Here’s the writer’s dilemma in a quick haiku:
Sit before your screen.
An empty file. No words come.
You curse the cursor.
It is writing that makes you a writer. Having ideas only makes you want to be one.
To be a writer you have to make words come out: turn thoughts into letters, string them together in a line, make those little scribbles that move an idea from your head into someone else’s.
Between having an idea and being a writer stands an obstacle: your inner life.
You’ve experienced it. Back in school you had to write an essay. Last Saturday you wanted to work on that screenplay. Or maybe Tuesday you sat down to work on Sunday’s sermon.
The cursor just blinked at you. Relentlessly.
The problem? Your own thoughts and feelings are an inarticulate muddle.
The cure? Writing, actually — but in a counter-intuitive way.
Writing is what gets you unstuck as a writer, very much the way writing gets you unstuck in prayer when no words come.
Writing as a Puritan Spiritual Practice
If you had lived a couple or three centuries ago in England or New England, you might have found yourself a Puritan. They get a bad rap in literature — and they did enough curmudgeonly things that they sort of earned it.
But they were pretty amazing at creating spiritual practices to grow a vital joyful relationship with God.
They were particularly passionate about using diaries and journals in prayerful ways. If you are confused or stuck in your spiritual life, prayerfully writing in a journal is the best way to find clarity and get moving again.
I spend a chapter on this kind of prayer in my book Kneeling with Giants, but for today let me just mention one Puritan, John Beadle (1595-1667). In his book, The Journal or Diary of a Thankful Christian.
As his title tells you, he wants you to be a thankful Christian: ever more aware of God’s grace in your life, and so moved to a life of joyful gratitude.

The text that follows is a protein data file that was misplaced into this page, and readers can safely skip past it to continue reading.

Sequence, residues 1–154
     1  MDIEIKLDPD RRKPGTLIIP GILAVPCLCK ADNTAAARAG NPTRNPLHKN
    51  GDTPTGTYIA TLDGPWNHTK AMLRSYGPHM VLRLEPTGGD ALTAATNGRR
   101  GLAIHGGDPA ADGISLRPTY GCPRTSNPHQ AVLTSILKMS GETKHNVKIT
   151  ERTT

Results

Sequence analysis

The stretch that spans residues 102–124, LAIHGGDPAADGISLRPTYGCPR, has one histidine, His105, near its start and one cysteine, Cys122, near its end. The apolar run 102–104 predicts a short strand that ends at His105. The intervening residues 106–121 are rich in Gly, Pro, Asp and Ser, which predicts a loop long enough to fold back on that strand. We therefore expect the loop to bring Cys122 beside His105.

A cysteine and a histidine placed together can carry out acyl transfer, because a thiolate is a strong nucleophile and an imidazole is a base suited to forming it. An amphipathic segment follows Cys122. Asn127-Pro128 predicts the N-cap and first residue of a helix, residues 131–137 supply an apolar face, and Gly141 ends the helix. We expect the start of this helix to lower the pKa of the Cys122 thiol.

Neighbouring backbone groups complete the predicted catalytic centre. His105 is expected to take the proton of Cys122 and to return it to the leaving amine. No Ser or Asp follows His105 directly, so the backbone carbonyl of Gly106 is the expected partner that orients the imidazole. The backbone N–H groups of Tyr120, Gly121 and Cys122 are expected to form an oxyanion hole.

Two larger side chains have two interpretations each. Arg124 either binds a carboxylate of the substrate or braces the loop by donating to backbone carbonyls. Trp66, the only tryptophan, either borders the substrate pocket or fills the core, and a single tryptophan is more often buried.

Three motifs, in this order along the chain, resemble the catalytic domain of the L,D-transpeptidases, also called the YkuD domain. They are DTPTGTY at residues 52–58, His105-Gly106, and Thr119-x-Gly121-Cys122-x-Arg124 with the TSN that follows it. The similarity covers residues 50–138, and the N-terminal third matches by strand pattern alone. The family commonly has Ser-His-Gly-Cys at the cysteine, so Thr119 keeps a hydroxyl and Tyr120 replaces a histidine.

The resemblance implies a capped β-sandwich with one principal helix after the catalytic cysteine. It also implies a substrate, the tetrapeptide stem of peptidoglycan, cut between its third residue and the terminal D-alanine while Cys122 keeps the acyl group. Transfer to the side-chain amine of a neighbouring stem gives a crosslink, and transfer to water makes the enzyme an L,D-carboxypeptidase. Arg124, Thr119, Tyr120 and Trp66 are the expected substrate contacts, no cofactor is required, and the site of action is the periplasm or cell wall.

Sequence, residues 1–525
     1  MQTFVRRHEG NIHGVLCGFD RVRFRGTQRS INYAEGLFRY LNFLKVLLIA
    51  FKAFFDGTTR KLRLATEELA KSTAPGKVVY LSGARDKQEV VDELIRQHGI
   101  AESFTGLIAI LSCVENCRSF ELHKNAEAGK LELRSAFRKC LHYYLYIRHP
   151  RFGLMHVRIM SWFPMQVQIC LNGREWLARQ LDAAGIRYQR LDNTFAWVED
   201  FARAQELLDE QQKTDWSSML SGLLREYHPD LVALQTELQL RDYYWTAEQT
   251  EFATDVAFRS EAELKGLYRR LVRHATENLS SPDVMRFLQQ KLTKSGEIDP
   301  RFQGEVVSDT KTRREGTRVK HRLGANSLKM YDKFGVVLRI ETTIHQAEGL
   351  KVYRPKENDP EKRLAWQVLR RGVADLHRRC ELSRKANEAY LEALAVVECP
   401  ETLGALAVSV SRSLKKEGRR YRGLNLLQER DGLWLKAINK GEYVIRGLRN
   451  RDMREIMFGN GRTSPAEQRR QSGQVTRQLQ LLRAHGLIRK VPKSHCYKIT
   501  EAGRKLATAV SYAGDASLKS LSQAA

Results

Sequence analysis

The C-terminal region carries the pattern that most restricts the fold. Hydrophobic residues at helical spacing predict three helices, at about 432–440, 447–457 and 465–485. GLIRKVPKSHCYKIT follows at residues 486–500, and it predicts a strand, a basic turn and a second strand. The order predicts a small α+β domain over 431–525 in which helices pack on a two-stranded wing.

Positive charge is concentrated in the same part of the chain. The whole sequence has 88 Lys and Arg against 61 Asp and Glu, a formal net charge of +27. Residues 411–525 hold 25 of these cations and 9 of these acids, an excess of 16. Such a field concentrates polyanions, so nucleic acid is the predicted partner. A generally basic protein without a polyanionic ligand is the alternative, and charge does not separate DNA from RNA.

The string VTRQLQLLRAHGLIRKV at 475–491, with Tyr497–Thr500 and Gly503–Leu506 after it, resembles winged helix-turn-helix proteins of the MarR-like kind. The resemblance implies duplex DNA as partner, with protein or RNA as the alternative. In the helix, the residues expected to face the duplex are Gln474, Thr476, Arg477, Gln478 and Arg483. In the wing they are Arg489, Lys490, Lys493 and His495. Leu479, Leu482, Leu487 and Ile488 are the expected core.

What is the path to get there? Writing. He basically gives you exercises so you can know what to write about:
- Write about how you came to a living faith in Christ.
- Write about a teacher who shaped you.
- Write about someone who was generous and helped you.
- Write about a time when you might have died but were saved.
There are many more. Once you have one of these tasks in mind, writing something is pretty natural — at least a sentence and maybe many pages. And it does bring God’s grace to your awareness. You do become grateful.
It also brings clarity. When you just don’t know what’s going on in your life, prayerfully writing about it forces you to put your thoughts into sentences.
You can write about the same problem day after day if you need to. It can be messy and ungrammatical. Nobody is going to complain. And God wants you to pray about it rather than just worrying.
Journaling for Clarity and Action
That’s a classic approach to prayer. It is also a classic approach to writing — moving from a blank page or screen to a sense of flow by writing. Some call it “daily pages.” Some call it “free writing.”
What I do is sit with my journal and a pen, and start writing. My goal is four pages. (Some aim instead to write for a set time period.) With my handwriting and the size of page in my journal, that’s about 500 words.
I have my own little set of topics to journal on. As Beadle found, having some specific tasks makes it easy to get words flowing.
- I start by writing about whatever is on my mind — whatever is making me happy, sad, angry, or whatever. I just write about it and keep writing.
- Then I write about what I want my day to include. It is something between a narrative “to do” list and the writer’s version of calisthenics.
- Finally I jump into writing on one of my projects. This is pure “blurt draft” writing. I don’t let myself stop and edit. I just pour out my thoughts on one of the themes I blog about, or on whatever other project I’m working on at the time.
If it is a blog topic, this free writing often turns into the very rough draft of a post. The juices get rolling and suddenly I’ve written more than I can use. That’s great: Once I put it into my computer I can move immediately to editing, reshaping, trimming to size.
Free writing is also a great opportunity to chew on problems in larger projects. I might write on the same issue, on something that will become a paragraph or two, for several days.
Letting it roll out unedited helps me solve problems. My thoughts get clearer to me, the writer, and in the end the writing will be clearer to you, the reader.
Both in my relationship with God and in my work as a writer, journal keeping is a great way to clarify muddles and get moving when I’m stuck now and then — like every single day.
What helps you get unstuck when you are working on a project? Let me know in the comments.
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